Then after someone excoriated him for his language, adding, "The nastiest hate comes from the left," Currence fired back: "I'm Republican ... and humiliated by my party and my state legislature today. Why don't you look in the mirror. You lashed out 1st." So sayeth the big, bad chef.
Yes, the Mississippi Legislature, and then Gov. Phil Bryant, surrounded by radical-right political leaders from Mississippi and beyond (all white men, mostly of a certain age), used his poison pen to brand our state once again with the tattoo of hate.
Meantime, people like John Currence and so many of you work their fingers to the bone and open businesses and hire people and struggle to change the reputation of our state, improve its tax base and provide needed kindling to our economic development fire—as they fight against us.
Currence should be angry. We all should be cursing what is happening now in the 21st century in our state. Even as we watch our citizenry evolve and young people decide to stay rather than run and so many people work to heal the past's divisions, these fools come along and just rip our wounds open so we all have to start over.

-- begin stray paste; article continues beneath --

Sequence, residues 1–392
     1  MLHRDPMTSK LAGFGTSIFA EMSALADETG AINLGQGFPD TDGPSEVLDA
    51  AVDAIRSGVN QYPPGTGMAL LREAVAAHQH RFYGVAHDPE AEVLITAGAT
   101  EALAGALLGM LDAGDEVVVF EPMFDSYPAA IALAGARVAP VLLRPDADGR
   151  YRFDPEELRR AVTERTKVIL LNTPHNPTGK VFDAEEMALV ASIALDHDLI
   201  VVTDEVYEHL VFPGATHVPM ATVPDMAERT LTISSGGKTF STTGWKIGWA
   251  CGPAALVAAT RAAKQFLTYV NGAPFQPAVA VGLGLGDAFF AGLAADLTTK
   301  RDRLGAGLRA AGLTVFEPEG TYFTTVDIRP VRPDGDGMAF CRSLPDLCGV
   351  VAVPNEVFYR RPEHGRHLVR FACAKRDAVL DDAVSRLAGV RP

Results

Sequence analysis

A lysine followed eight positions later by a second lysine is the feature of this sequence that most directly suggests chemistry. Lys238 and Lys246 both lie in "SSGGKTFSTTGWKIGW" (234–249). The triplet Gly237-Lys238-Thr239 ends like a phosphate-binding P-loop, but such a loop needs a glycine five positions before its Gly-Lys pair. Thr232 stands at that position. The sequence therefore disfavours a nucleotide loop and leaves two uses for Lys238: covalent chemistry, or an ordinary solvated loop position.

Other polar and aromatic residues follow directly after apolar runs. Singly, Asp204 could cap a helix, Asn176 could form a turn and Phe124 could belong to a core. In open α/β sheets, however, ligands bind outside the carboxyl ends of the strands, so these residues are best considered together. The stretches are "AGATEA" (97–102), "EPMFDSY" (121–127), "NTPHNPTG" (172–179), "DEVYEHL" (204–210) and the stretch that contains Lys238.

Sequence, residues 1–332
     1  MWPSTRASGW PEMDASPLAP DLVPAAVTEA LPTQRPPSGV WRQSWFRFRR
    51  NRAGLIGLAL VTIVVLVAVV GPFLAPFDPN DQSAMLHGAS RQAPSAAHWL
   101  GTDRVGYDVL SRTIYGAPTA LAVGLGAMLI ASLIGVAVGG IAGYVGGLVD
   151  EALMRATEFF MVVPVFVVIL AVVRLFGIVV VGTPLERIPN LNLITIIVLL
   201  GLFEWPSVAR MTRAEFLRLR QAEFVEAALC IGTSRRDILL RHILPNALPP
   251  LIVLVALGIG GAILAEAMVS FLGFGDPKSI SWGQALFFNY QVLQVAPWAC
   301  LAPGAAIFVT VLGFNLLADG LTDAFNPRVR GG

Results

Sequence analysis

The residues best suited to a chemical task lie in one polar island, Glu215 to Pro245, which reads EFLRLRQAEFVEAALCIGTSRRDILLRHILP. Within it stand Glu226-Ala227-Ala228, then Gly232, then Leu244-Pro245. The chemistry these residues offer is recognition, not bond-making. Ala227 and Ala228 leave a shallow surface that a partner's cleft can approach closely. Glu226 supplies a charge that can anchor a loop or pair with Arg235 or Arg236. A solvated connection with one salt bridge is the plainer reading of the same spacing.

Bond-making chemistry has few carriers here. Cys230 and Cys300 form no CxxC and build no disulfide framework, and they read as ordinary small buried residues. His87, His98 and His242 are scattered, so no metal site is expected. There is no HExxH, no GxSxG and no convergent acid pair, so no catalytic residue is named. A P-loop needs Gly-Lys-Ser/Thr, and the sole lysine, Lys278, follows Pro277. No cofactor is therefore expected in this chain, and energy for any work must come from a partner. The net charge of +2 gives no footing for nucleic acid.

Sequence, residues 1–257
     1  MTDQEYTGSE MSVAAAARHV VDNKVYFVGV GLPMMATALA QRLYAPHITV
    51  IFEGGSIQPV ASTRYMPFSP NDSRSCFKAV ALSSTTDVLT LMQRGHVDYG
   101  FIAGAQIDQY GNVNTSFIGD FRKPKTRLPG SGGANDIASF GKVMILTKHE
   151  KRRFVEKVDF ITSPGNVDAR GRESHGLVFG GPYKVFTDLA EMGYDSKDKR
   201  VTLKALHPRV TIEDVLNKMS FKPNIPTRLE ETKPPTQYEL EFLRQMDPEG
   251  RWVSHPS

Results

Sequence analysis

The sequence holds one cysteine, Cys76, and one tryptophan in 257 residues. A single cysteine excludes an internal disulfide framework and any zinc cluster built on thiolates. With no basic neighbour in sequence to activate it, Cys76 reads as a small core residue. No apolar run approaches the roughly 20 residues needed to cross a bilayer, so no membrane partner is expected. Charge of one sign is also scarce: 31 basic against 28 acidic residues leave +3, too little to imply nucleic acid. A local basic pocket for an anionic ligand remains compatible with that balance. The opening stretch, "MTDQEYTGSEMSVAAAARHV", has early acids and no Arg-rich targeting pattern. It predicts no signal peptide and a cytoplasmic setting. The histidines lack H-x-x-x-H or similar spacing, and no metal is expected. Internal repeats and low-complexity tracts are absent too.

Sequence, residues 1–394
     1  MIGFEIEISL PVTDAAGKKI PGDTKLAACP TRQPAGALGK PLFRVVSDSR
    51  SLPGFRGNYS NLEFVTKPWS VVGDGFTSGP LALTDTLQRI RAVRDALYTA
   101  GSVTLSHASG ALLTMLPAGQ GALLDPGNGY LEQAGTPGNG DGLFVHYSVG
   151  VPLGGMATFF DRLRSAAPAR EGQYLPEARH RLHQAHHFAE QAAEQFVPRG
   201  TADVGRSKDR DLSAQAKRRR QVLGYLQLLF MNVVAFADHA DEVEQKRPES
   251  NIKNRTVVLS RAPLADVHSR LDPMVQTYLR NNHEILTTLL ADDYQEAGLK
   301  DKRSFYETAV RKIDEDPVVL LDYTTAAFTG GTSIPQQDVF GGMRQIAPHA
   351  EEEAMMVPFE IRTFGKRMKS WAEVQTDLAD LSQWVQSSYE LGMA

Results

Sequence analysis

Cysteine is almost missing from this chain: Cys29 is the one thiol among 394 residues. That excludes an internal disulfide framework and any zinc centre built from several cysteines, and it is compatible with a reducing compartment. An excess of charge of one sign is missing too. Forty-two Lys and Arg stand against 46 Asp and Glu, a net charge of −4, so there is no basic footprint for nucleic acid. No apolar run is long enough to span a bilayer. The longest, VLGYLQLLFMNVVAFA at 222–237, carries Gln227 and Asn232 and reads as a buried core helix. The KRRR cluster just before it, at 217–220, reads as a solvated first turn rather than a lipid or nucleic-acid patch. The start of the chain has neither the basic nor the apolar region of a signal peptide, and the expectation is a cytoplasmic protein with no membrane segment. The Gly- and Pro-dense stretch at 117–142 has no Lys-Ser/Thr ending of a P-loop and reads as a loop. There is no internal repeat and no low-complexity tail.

Meantime, the people we love and admire who happen to love someone of their own gender, are used as political pawns who aren't treated as if they are human beings, with equal rights to everyone else. We've seen this before, Mississippi. We've lived through it. We're still dealing with its disastrous effects.
Before the Civil Rights Movement and the feds and other freedom fighters of all races forced Mississippi to change its laws, we "protected" people who wanted to discriminate against others based on their skin tone. We had laws against interracial marriage, claiming that the Bible told us to. We hid behind the idea of "religious freedom" to do anything to people our leaders told us were inferior, and sinful, and ungodly.
Meantime, many "good" people didn't speak out. Maybe they were afraid of boycotts, maybe they were afraid of physical violence, maybe they were afraid of going against the herd. But they didn't speak out. As a result, the haters were able to spread it, using state law and the Bible as an excuse.